“Mateo Falcone” is set in Corsica in the seventeenth century in the region of Porto-Vecchio, which is midway between the town of Corte and the maquis, the wild country of the Corsican highlands where outlaws and misfits find refuge from law and authority. Mateo Falcone, a forty-eight-year-old father of three married daughters and one ten-year-old son, is a successful sheep rancher. He sets off to gather his flock one afternoon. His wife, Guiseppa, accompanies him, and they leave their son, Fortunato alone.
Fortunato daydreams in the autumn sun. He anticipates going into town in a few days to have dinner with his uncle, a local notable, or ”corporal.” Suddenly, gunshots echo from nearby. On nearby path, a wounded man appears. He has been shot in his thigh. Seeing Fortunato, he asks whether the boy is the son of Mateo Falcone. He introduces himself as Gianetto Sanpiero, the implication being that he has a tie to Falcone and thus a right to expect asylum. Fortunato at first declines to hide Gianetto, but when the bandit offers a piece of silver, the boy conceals him beneath the hay.
Six soldiers arrive, led by adjutant Tiodoro Gamba, who addresses Fortunato as “cousin,” once again implying a tie to the Falcones. Tiodoro wants to know whether Fortunato has seen a man on the trail. Fortunato evades Tiodoro’s questions, and Tiodoro suspects that the boy is in complicity with Gianetto. He threatens to beat Fortunato, but the boy only replies that he is Mateo Falcone’s son, and the lieutenant understands that he dare not harm Fortunato for fear of angering the father. The soldiers search the property but find nothing. Finally, Tiodoro attempts to bribe Fortunato with a shiny new watch:
“As he spoke he brought the watch closer and closer until it was almost touching Fortunato’s pale cheek. The child’s face clearly showed the struggle between cupidity and the claims of hospitality that was raging within him. His bare chest was heaving, and he seemed to be fighting for breath. And still the watch swung, twisted, and occasionally bumped against the tip of his nose. At last his right hand slowly rose towards the watch; his fingertips touched it; and he felt its full weight in his palm, though the adjutant still held the end of the chain. The dial was pale blue, the case newly furbished; in the sunshine it seemed ablaze. … The temptation was too great.” (Excerpt from ”Mateo Falcone” translated by Nicholas Jotcham)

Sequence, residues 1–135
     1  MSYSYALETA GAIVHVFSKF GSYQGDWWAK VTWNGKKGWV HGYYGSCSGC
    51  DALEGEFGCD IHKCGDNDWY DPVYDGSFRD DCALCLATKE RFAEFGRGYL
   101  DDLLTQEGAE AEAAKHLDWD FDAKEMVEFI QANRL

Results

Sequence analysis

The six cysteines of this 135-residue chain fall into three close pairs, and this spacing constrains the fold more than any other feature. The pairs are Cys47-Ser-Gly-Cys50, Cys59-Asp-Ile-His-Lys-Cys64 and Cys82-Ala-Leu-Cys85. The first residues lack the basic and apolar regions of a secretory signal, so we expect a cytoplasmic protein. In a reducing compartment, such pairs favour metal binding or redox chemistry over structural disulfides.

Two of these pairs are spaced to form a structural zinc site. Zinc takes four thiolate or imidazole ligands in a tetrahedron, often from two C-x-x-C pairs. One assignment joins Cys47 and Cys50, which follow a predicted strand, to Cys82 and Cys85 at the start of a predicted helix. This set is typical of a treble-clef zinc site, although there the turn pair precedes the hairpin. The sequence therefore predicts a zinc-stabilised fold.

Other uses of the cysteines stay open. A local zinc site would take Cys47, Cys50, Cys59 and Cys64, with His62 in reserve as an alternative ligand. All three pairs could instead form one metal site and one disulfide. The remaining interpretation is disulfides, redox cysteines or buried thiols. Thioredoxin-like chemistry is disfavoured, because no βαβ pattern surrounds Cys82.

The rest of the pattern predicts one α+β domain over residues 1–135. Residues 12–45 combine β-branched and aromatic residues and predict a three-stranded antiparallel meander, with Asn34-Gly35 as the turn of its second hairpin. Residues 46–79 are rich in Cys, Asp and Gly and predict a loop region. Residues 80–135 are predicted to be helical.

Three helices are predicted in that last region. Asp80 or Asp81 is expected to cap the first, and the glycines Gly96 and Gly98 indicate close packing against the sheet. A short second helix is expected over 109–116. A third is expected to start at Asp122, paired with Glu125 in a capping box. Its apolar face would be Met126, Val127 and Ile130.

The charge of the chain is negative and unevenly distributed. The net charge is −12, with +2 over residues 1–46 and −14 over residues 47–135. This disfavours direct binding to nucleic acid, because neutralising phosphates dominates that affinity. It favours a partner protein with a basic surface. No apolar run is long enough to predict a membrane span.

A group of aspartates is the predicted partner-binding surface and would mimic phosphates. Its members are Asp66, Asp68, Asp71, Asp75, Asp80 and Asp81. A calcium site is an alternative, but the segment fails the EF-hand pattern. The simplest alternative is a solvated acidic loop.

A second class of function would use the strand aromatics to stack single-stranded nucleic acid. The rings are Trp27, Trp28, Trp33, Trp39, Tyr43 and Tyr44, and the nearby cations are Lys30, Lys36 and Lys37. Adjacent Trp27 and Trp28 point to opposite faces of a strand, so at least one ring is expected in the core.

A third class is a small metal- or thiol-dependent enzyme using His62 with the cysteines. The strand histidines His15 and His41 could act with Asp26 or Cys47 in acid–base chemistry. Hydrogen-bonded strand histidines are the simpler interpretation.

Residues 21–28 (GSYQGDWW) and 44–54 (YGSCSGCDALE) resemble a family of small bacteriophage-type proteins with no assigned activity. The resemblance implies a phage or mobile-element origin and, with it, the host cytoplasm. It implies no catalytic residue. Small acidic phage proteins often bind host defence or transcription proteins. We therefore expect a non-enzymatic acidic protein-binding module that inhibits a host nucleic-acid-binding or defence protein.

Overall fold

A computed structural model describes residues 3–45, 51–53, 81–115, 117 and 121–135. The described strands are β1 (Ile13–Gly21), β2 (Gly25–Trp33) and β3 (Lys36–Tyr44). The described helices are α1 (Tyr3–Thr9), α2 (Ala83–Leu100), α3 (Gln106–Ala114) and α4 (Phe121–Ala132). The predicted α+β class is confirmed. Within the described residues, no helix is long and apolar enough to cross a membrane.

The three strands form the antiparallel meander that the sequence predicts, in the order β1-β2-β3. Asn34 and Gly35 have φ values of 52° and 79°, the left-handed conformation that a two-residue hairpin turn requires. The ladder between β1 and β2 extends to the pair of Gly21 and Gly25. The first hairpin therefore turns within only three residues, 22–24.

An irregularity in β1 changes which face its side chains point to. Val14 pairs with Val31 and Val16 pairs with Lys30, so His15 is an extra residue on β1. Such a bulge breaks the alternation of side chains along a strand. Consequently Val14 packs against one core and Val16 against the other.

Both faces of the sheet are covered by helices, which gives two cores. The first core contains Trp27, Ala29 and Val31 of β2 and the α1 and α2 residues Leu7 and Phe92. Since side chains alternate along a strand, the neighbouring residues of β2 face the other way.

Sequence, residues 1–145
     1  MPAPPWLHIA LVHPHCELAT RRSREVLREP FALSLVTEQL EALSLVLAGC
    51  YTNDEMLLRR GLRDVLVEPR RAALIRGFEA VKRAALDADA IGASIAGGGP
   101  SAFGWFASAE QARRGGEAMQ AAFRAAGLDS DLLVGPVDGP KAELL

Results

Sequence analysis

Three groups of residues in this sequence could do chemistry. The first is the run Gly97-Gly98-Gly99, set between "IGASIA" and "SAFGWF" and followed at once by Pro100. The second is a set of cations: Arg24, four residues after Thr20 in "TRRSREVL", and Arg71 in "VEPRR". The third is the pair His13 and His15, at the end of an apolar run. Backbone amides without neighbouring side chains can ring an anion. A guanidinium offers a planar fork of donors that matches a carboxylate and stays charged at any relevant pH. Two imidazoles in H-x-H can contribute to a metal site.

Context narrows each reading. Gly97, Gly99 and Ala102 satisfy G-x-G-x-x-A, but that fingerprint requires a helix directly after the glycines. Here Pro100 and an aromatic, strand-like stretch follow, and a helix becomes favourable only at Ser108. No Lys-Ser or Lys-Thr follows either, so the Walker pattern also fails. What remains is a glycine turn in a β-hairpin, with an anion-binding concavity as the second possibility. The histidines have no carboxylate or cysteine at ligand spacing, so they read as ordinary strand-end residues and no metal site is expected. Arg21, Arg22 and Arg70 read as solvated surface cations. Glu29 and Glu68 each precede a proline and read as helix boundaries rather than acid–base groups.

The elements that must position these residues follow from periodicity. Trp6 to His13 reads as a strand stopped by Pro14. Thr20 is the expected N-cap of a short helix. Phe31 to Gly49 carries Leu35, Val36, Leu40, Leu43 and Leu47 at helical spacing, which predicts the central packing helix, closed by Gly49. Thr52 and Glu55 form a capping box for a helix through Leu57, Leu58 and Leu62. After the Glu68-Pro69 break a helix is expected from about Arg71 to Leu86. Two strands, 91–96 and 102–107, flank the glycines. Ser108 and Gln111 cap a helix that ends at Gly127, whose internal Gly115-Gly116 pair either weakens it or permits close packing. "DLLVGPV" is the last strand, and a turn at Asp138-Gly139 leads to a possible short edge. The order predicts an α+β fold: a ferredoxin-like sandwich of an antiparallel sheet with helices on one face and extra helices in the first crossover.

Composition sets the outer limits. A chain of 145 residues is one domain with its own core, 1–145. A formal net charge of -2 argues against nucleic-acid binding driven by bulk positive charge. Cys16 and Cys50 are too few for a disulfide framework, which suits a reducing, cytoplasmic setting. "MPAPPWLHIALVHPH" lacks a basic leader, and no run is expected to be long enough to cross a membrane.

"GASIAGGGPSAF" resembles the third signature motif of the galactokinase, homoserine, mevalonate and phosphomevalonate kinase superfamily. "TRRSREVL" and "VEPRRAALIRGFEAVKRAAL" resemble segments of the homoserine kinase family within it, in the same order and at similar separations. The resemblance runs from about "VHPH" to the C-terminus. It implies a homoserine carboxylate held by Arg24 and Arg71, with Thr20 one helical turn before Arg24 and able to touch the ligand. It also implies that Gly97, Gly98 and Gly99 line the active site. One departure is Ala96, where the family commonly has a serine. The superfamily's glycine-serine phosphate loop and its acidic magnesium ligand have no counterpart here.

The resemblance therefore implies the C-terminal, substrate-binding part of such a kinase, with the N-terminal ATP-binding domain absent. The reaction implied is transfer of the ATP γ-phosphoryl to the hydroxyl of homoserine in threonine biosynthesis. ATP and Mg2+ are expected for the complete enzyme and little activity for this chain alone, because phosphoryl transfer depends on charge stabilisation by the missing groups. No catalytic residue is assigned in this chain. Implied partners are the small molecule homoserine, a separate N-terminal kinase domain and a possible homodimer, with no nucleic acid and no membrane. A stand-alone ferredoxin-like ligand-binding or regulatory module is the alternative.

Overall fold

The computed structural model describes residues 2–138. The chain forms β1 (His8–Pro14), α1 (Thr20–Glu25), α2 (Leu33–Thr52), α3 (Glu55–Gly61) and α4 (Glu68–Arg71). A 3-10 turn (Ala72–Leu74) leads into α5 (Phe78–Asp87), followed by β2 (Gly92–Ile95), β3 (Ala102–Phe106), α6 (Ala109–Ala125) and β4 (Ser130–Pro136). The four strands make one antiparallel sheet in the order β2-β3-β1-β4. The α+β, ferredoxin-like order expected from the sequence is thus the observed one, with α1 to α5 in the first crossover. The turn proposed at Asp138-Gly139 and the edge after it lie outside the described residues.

Fortunato accepts the bribe and silently nods in the direction of the haystack. The soldiers discover Gianetto, who curses the boy. Fortunato throws the silver back at Gianetto. The prisoner accepts his capture; the soldiers treat him with respect, even though he has killed one of them and wounded another.
Mateo and Guiseppa return from the pastures. Tiodoro advances cautiously and explains to Mateo what has happened. The soldiers leave with their prisoner. When Mateo ascertains the facts, he tersely asks his wife whether the boy is really his child. Fortunato collapses in tears, sobbing and crying, and the wife becomes hysterical. Mateo commands Fortunato to leave with him into the high country.
As Mateo and Fortunato climb into the mountains, Guiseppa prays inside the house to an icon of the Virgin Mary. In a ravine, Mateo commands Fortunato to kneel and say his prayers. When he finishes praying, Fortunato begs for mercy, but Mateo gives none. He raises his rifle and shoots.
Ira Mark Milne (Editor), Short Stories for Students – Presenting Analysis, Context, and Criticism on Commonly Studied Short Stories, Volume 8, Prosper Merimee, Published by Thomson Gale, 2000.